Corp Comm Connects

Metro Vancouver's transportation plans driven by politics
Oct. 25, 2017
Mike Klassen

When it comes to the future of transportation in Metro Vancouver, one can be forgiven for feeling a sense of gloom. As traffic gets worse and existing transit infrastructure struggles to meet growing demand, parochial politics seems to pervade every decision.

In recent weeks, the region has seen bridge tolls on the Port Mann and Golden Ears bridges removed and highway traffic surge. Ride-hailing services such as Uber have been put on indefinite hold, and the pause button was pushed on a replacement for the George Massey tunnel.

Additionally, a City of Vancouver report now claims that the Georgia and Dunsmuir viaducts must come down due to seismic risks, in spite of there being no plausible plan to accommodate existing traffic flows without a huge public investment.

At the nexus of the region’s transportation dysfunction is the Mayors’ Council — a roundtable comprised of mayors from the tiny hamlets of Bowen Island, Anmore and Lion’s Bay, alongside the cities of Richmond, Surrey and Vancouver.

The Mayors’ Council has been promoting a “10-year plan” for regional transportation that still is not fully funded despite increased commitments by the federal and provincial governments. The council is calling for a share of B.C.’s carbon tax revenue to make up the gap.

The plan features a replacement of the Pattullo Bridge, an extension of the SkyTrain Millennium Line down the Broadway corridor in Vancouver and a light rail (“LRT”) network in Surrey.

Of the three, the project that seems the most politically driven (thanks to the support of the Mayors’ Council) is Surrey’s $2.6-billion LRT plan to place at-grade rail down on existing roadways.

In response, a Surrey activist group opposed to the LRT plan — “SkyTrain for Surrey” — is championing another way to spend those billions. The group proposes a bus rapid transit (“BRT”) system for the city, while extending the SkyTrain route to Langley.

BRT is shown to successfully integrate into existing transit systems at a much lower cost.

When I reached out to experts who were familiar with the plan and the politics around the Surrey LRT project, not one of them could support it.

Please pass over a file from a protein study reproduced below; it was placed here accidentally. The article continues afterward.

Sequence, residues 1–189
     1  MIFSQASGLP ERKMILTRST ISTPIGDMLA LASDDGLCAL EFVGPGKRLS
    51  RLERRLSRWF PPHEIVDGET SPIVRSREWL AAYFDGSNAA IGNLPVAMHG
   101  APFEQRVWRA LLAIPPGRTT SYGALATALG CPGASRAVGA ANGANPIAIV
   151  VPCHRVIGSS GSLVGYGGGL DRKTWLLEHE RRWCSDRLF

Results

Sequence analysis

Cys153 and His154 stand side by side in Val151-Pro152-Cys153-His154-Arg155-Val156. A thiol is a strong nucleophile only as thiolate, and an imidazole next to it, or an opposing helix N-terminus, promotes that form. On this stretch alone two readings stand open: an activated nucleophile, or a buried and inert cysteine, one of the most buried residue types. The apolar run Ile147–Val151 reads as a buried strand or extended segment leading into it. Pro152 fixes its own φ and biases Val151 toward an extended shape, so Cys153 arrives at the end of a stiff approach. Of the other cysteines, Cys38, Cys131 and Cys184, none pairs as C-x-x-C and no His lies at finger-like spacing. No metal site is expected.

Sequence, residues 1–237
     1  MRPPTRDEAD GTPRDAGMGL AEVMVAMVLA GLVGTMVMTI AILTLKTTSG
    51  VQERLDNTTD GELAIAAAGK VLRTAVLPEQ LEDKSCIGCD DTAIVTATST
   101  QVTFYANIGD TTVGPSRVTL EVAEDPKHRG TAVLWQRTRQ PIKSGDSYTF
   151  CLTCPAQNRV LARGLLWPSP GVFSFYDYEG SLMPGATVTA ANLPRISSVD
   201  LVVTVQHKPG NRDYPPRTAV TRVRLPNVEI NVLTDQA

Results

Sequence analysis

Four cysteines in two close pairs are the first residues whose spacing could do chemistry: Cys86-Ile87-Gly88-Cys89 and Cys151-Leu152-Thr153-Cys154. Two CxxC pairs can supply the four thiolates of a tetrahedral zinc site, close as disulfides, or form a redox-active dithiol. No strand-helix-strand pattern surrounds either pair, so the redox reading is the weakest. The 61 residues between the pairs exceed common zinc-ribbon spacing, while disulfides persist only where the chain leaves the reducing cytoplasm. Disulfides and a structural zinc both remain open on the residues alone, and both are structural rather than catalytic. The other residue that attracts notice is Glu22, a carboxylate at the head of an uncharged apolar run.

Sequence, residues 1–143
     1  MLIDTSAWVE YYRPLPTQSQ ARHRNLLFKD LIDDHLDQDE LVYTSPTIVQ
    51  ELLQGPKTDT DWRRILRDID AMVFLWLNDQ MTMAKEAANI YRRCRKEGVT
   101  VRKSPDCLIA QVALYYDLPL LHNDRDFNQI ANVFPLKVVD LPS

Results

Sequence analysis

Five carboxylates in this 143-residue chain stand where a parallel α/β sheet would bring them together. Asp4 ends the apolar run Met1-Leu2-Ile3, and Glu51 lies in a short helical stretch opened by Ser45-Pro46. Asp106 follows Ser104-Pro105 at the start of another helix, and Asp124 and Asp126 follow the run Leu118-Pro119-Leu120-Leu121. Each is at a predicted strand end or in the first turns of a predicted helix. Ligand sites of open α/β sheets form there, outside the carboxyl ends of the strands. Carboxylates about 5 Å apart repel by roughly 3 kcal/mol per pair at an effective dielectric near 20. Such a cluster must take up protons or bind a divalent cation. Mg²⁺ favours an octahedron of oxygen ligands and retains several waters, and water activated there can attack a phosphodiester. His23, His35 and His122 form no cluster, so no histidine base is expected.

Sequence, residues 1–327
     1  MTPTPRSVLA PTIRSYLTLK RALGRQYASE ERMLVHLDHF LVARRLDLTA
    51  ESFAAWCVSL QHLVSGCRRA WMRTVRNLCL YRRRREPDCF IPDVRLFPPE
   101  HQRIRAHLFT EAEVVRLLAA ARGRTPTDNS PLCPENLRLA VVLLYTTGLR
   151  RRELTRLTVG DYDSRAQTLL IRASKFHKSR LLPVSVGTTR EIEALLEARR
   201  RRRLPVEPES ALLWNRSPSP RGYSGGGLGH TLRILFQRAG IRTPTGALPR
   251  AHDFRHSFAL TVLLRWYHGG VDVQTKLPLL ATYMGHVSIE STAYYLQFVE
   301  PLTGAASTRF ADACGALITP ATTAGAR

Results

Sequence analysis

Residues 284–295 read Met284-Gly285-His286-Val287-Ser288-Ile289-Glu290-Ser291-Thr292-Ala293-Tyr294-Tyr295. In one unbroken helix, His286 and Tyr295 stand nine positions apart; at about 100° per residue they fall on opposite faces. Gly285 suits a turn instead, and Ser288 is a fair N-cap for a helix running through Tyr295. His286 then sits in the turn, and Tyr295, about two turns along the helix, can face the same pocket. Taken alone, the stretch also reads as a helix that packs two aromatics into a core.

At the most recent meeting of the Mayors’ Council, Derek Corrigan was more publicly skeptical of the 10-year plan. Though the Burnaby mayor has been a thorn in the side of the provincial government and TransLink on several occasions, he speaks with authority on the economics of major developments.

Burnaby is growing faster than any municipality in Western Canada when it comes to condo tower construction, with about $1 billion in new development in 2017 alone.

During the meeting, Corrigan cautioned his fellow mayors on their plan for doing a bridge and two rapid transit extensions simultaneously — asserting it “flies in the face of Keynesian economics” to add major projects in an already superheated construction economy.

“That means that prices are going to go up significantly, because there is a limitation on the available resources here in British Columbia,” said Corrigan, adding the region already has two other major infrastructure developments pending — the proposed Kinder Morgan pipeline expansion, and the Lions Gate wastewater treatment plant. “Even if we look internationally, being able to do all those projects simultaneously is impossible.

“I don’t believe that this organization [TransLink] even for a moment could ramp up, and handle three projects that would probably tax the resources of the provincial government,” said Corrigan, adding there had not been any meaningful conversation at the Mayors’ Council on the implications of their proposal.

“What’s driving this is not good planning — it’s good politics. It’s the idea that Vancouver can’t be ahead of Surrey, and Surrey can’t be ahead of Vancouver… All of these politics are driving us to expend far more of the public’s money than we should.

“I want to lay that out because I don’t want to, as a politician, not have raised those issues. You need to stop and think about what you’re undertaking, before you go down a path that’s going to leave a legacy for future politicians that’s unsustainable.”

The reaction from the Mayors’ Council? Their silence spoke volumes.